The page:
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Original Research

Suicide Attempts and Ideation in Patients With Bipolar I Disorder

Andrea Fagiolini, MD; David J. Kupfer, MD; Paola Rucci, D.Stat.; John A. Scott, AM; Danielle M. Novick, BA; and Ellen Frank, PhD

Published: April 1, 2004

Article Abstract

Background: Suicidal thinking and behavior are common in individuals with bipolar disorder.

Method: Suicidal ideation and suicide attempts were examined in 175 patients with bipolar I disorder (diagnosis confirmed with the Schedule for Affective Disorders and Schizophrenia or the Structured Clinical Interview for DSM-IV) participating in the Pittsburgh Study of Maintenance Therapies in Bipolar Disorder. Patients who attempted suicide before entering the study were compared with those who did not attempt suicide with respect to clinical and demographic characteristics.

Results: Twenty-nine percent of the patients had attempted suicide prior to entering the study. Suicide attempts happened at a relatively young age and in the first period of the illness. Greater severity of bipolar disorder, as indicated by a greater number of previous depressive episodes (p = .0009) and higher HAM-D-25 scores (p = .04), and higher body mass index (p = .03) were significantly correlated with a history of suicide attempts. None of the patients with a history of suicide attempt attempted suicide again. However, 5 patients without a history of suicide attempt did attempt suicide. Four of these patients did not display severe suicidal ideation at the assessment that preceded the suicide attempt. No subject completed suicide during the 11 years of the study.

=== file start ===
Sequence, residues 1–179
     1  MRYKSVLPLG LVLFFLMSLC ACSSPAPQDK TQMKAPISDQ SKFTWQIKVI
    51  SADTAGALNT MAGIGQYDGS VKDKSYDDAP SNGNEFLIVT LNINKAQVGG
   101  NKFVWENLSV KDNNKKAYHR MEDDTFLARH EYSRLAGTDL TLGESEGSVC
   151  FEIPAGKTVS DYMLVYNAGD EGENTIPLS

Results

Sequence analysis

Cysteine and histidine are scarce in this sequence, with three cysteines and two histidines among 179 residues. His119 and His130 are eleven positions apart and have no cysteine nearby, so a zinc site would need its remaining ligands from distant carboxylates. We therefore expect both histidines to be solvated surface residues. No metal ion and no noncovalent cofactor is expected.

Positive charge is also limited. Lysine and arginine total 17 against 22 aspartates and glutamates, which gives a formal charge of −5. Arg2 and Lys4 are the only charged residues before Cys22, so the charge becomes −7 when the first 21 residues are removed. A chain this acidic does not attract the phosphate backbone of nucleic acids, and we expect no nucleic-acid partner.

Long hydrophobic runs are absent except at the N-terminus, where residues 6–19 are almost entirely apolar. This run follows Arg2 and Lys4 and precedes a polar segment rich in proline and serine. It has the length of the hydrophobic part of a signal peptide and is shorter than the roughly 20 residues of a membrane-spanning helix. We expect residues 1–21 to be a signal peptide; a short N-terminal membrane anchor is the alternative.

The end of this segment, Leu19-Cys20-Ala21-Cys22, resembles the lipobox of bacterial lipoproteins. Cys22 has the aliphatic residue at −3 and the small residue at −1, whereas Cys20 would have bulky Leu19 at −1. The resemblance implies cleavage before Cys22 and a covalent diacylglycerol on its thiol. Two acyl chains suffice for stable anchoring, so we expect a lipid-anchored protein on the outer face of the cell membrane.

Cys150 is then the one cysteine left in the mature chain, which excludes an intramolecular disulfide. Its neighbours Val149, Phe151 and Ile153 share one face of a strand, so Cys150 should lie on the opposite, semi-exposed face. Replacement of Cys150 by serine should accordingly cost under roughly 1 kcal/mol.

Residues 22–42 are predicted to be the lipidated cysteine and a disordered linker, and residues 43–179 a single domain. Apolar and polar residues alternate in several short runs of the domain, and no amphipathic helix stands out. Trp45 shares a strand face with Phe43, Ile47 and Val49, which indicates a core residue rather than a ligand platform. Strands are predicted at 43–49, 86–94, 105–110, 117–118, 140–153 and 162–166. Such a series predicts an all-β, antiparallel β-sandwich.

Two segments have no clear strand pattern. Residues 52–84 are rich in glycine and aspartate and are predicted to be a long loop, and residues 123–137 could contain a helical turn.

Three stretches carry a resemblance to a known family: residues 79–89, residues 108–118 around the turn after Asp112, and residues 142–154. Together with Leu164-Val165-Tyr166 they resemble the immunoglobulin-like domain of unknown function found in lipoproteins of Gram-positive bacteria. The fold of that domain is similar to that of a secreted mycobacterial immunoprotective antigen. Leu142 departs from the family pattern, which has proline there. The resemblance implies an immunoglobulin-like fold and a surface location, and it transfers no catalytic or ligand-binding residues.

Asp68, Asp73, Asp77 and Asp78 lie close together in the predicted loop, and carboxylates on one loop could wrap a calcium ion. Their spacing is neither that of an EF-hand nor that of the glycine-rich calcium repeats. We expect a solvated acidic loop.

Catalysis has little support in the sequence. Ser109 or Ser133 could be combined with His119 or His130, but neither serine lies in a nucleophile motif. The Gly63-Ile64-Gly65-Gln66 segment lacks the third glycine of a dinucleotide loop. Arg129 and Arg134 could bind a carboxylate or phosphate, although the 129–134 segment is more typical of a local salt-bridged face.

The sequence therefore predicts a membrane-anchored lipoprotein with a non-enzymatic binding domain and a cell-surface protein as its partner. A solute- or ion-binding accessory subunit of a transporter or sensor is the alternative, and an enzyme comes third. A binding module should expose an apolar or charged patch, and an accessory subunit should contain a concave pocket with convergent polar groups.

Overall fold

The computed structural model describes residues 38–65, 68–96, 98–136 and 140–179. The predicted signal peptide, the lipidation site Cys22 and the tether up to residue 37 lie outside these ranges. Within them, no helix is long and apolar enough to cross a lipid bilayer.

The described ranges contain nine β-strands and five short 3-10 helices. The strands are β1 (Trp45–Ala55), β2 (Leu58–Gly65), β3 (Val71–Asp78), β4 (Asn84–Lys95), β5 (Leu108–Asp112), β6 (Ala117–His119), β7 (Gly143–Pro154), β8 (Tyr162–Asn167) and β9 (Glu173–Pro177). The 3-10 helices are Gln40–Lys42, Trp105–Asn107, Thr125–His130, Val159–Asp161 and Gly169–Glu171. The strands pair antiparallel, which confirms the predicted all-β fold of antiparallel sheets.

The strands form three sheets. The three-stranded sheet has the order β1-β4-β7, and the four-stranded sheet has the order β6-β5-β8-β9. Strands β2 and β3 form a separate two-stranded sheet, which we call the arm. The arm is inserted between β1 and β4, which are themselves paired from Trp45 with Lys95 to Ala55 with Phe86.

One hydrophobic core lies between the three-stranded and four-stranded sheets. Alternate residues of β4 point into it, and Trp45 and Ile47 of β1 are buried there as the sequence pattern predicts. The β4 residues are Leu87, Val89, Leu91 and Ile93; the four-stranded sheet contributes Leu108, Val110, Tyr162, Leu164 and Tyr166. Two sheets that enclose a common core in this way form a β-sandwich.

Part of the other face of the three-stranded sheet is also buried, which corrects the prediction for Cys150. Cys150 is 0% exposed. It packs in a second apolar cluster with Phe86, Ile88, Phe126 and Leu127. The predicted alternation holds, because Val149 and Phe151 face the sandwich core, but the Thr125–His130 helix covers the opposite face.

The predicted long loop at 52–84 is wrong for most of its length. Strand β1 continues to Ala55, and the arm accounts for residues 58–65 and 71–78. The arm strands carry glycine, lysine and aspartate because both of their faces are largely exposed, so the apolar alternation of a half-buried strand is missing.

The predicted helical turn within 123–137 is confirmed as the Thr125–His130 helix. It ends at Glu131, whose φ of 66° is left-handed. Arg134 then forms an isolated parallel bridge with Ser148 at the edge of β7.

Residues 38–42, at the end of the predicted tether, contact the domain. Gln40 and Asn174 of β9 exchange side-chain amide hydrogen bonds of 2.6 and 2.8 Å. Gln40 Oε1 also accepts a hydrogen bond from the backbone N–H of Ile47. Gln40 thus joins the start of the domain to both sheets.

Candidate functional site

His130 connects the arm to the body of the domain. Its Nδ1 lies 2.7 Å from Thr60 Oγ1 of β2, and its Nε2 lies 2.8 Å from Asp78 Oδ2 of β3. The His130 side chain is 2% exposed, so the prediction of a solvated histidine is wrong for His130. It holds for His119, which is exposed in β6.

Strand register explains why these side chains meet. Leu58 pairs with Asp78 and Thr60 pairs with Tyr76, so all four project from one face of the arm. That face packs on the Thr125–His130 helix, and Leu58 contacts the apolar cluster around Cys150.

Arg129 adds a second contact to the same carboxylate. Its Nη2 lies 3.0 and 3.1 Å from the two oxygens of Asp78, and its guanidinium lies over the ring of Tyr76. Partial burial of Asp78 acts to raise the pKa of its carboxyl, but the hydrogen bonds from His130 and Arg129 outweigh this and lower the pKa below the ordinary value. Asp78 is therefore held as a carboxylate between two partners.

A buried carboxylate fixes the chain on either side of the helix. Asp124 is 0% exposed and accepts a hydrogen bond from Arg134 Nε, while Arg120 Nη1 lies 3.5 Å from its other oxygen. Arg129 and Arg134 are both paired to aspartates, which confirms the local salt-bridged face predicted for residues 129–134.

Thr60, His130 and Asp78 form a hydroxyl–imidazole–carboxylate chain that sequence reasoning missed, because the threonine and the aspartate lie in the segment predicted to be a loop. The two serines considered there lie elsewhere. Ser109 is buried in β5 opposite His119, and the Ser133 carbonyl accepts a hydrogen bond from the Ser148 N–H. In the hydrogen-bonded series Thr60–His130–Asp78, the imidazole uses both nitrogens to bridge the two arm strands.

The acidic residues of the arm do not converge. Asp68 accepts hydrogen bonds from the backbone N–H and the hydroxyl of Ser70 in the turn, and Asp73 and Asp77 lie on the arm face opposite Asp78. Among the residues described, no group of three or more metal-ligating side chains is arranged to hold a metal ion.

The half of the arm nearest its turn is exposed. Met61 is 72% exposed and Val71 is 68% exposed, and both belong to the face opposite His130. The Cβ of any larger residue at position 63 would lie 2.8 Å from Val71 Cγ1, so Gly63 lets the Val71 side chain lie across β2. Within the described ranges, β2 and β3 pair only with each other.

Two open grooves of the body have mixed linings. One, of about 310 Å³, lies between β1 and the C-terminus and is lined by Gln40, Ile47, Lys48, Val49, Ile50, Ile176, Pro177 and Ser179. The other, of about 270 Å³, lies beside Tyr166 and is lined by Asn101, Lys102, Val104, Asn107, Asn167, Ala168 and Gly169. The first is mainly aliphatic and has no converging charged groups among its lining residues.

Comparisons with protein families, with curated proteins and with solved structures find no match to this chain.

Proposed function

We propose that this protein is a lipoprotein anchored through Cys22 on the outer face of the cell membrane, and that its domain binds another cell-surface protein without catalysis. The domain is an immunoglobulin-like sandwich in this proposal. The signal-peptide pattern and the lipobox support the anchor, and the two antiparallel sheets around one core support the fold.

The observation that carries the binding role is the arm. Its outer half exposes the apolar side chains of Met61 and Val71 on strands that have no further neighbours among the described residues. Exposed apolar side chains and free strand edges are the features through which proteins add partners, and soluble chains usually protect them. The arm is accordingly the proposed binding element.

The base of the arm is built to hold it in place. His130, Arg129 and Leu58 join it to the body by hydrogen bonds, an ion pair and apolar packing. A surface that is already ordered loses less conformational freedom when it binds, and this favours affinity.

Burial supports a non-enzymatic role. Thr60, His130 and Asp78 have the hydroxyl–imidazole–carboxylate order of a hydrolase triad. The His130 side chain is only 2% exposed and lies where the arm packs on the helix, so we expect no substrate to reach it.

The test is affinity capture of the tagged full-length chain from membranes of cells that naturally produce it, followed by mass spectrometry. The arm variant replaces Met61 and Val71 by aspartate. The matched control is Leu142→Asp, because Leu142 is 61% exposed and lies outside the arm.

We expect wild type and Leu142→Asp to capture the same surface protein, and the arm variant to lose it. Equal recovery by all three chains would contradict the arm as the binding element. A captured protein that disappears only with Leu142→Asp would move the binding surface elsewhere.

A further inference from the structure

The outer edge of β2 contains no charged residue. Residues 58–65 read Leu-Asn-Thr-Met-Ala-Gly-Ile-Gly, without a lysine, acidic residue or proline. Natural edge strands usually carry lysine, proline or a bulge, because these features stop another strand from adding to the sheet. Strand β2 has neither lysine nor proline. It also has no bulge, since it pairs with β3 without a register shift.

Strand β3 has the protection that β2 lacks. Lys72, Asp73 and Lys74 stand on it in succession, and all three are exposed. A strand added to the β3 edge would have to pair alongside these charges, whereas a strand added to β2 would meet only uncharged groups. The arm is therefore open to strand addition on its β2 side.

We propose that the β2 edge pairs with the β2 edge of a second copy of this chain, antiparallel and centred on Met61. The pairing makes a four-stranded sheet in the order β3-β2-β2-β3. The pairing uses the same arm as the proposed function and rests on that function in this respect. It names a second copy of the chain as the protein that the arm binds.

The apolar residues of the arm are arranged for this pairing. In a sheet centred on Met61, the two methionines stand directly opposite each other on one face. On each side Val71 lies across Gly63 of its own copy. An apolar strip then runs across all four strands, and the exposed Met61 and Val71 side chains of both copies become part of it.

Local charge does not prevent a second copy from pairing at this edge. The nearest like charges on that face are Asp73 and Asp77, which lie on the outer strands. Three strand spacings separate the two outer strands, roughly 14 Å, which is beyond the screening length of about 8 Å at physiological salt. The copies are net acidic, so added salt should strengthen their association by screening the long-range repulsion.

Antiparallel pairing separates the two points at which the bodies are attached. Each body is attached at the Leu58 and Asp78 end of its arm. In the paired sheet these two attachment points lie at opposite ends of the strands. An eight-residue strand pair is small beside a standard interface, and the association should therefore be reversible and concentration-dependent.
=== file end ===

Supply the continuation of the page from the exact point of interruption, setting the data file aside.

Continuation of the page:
Conclusion: Greater severity of bipolar disorder and higher body mass index are significantly correlated with a history of suicide attempts. However, a treatment program in a maximally supportive clinical environment can reduce suicidal behavior in high-risk patients. In some cases, suicide risk is transient and may be preceded by a period of severe suicidal ideation that lasts only a few minutes or hours. In such cases, mental health professionals are unable to predict suicide attempts.

Volume: 65

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